LAS VEGAS â Itâs not often that one gets to hear secrets directly from retail produce managers.
From what theyâre seeing at store level in organic produce to the greatest display they ever built, 10 recipients of United Freshâs Retail Produce Manager Award dished on what makes their operations successful during a UnitedFresh.tv session April 22.
The session was moderated by Steve Lutz, executive vice president of The Perishables Group, West Dundee, Ill., and broadcast live on www.unitedfresh.tv. It is available for replay on the Web site.
Some of the more lively discussion revolved around what managers see at the store level in organic produce.
Organics continue to grow
Despite the economy, shoppers still look for organics, said Willie Williams, of an Englewood, Ohio, location of The Kroger Co., Cincinnati.
âPrice doesnât matter to some shoppers,â he said. âAt my store we used to do $500 a week and now we do $8,000 to $9,000 a week.â
At Bel Air Markets in Sacramento, Calif., a Raleyâs banner, John Thut said he carries a wide assortment of organic produce.
âWe have 24 feet, plus dry table space,â he said. âPrice points have come closer and the quality is there.â
Lutz asked if there is a magic price point for organics.
âFor new organic consumers, thatâs where itâs an issue,â said Gary Viall, produce manager for the Colonie, N.Y., location of Hannaford Bros. Co. âItâs hard to pick that sweet spot. They expect to pay a little more, but if itâs a lot more you lose even the frequent buyers.â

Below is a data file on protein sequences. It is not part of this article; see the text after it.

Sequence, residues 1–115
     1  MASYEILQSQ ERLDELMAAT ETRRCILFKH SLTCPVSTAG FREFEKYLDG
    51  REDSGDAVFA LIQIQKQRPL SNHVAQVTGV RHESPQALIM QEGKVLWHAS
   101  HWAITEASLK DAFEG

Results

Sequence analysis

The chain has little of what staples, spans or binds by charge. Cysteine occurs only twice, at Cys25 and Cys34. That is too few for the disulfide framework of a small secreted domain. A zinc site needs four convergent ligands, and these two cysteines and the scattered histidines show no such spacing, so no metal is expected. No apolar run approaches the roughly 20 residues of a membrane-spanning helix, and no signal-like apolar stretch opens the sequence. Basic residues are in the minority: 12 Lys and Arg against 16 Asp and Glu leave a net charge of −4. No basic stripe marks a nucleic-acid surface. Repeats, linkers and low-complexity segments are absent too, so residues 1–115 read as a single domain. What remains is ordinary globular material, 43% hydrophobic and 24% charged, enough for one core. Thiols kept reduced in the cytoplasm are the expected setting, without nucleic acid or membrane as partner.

Organic shoppers also keep you on your toes, Williams said.
âAn organic customer is a serious customer,â he said. âTheyâre in the store most often and they stay the longest.â
Attracting, keeping diverse audiences
Managers weighed in on how to attract and maintain ethnically diverse audiences.
For Juronald Williams, produce manager of the Ord Community Comissary, Seaside, Calif., it is a matter of trying new things.
âYou have to get to know the customers at first,â he said. âIf I donât carry an item they want, Iâll see if I can get it.â
Willie Williams said the custom orders are a great way to keep a customer loyal.
âOnce youâve shown that you can get something for someone, that earns their trust,â he said. âAnd it spreads in the community fast.â